It's never boring, at least.
The Terps were supposed to have an excellent season last year, after its sensational freshmen class matured into sophomores. Unfortunately, Justin Jackson got hurt early, Ivan Bender then went down, and the team never seemed to get its footing defensively. Ultimately, the Terps were bypassed on Selection Sunday, though it could have been good enough to get in. In the offseason, the Terps lost Jackson and Kevin Huerter to the NBA Draft, and sweated out Bruno Fernando's decision to return to school for his sophomore year. Additionally, the Terps welcome arguably the best freshman class in the Big Ten, headlined by McDonald's All-American Jalen Smith.
Finally, there's the addition of the intriguing transfer Schnider Herard, from Mississippi State. (Apparently Herard has left the team.)
That's exciting enough on its own. (That's right, focus on the basketball.) The media, for its part, has picked Maryland 7th. I think that might be wrong:
|2018 Efficiency Margin||Percentage of Minutes Returning||Percentage of FR Minutes Returning|
Both of these teams also have an incoming McDonald's All-American. So, why is Indiana (Team B) universally regarded to be in much better position than Maryland (Team A)? Huerter might well be the best player lost by either of these teams last year, but on a possession basis Maryland lost less than Indiana. I would not rank UMD above IU just yet, but I do think both teams should have similar projections.
Much of Maryland's struggles can be traced to defensive three-point percentage (yeah, that's the only negative stuff we should be worrying about here). Not only did conference opponents make a bunch (40 percent), but they devoted a league-high 39.3 percent of attempts to 3-pointers. Some investigation (wait, what? Investigation? We investigated! There's nothing there! Stop asking! Oh, wait, you mean about 3-pointers, heh, nevermind) is warranted.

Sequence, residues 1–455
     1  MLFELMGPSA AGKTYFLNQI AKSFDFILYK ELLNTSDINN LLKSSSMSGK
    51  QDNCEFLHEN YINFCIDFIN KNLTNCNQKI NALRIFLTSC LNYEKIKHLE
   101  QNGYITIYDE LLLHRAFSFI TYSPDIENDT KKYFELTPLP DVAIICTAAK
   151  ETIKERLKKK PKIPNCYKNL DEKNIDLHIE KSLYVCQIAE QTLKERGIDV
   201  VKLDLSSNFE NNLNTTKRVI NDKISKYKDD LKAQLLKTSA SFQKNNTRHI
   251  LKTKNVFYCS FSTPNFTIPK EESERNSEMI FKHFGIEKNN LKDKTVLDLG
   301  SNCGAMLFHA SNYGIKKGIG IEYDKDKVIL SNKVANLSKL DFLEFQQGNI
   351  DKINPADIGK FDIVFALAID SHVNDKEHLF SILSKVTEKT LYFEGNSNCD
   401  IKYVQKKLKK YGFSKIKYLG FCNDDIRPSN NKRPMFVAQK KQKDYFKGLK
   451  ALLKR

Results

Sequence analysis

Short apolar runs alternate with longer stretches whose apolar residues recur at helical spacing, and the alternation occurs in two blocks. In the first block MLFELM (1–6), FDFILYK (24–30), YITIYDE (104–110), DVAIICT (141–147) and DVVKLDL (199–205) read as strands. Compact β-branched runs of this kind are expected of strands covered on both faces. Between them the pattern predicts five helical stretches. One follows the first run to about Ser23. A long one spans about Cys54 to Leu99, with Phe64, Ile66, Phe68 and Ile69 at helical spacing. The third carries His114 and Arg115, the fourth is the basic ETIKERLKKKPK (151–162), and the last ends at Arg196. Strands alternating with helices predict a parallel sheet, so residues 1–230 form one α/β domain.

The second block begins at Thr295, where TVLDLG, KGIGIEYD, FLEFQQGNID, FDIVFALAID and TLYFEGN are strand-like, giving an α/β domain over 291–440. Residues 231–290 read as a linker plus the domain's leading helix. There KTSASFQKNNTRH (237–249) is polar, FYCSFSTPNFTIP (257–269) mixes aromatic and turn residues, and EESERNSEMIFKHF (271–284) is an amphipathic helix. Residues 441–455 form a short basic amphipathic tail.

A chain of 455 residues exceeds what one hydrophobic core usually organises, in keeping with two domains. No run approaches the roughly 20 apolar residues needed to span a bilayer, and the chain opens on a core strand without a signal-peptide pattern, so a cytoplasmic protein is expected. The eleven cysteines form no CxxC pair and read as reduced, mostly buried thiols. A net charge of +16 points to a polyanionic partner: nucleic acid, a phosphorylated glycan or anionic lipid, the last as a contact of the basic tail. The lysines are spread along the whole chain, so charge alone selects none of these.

Indeed, you have to go back to 2011, before you can find a Maryland team with 3-point defense that's within screaming range of last year's squad. As a reminder, 3-point percentage is a number that's largely in control of the offense. Even 3-point attempt percentage is a mostly offense-driven statistic. I do not want to write it off entirely, but without a larger trend, I'm fine chalking this up to luck and statistical variation.
Even so, the engine that has driven a lot of recent Turgeon teams has been shutting down the interior. Back when the Terps had Diamond Stone (we don't need to talk about him) patrolling the paint, it was an inhospitable place for opponents to be. Big Ten opponents shot just 45 percent on 2s, which is understandable given that the Terps blocked nearly 16 percent of those attempts. Last year, those numbers were 49 percent and 9 percent, respectively. That's not awful, mind you, but Turgeon's teams have always made that foundational, largely sagging the defense and staying out of passing lanes as a tradeoff. If the Terps are not getting the benefit of the bargain, it hardly seems worth it. Fernando is tall, but not a natural shot blocker. Jalen Smith could bring that skillset,
or it's possible Herard (a former top-100 recruit) could. Maryland should be plenty long next season (as Smith has the ability to man the 4-spot), so I expect at least some improvement.
The backcourt could be interesting as well. Cowan is locked in as the team's point guard and offensive spearhead. But there are minutes up for grabs at the wing. Darryl Morsell struggled as a freshman last year, and it would be less than ideal if he played as much as he did last year without an improved shot. I don't mind (well, don't mind that much) that he shot just 13 percent on three in conference play—a much bigger problem is that he only had the confidence to attempt 15 threes in 18 games.
Beyond Morsell, the returning options are meager. Dion Wiley transferred, Jared Nickens graduated. That leaves the freshmen, including top-100 players Aaron Wiggins (no relation to Andrew, if you were wondering), and Eric Ayala. I don't know what the depth chart (Hey! NO FOOTBALL TALK!) will look like come December, but I would guess one or both of them would be prominently featured.
Overall, I'd say Maryland is in pretty good shape, as long as you know where not to look.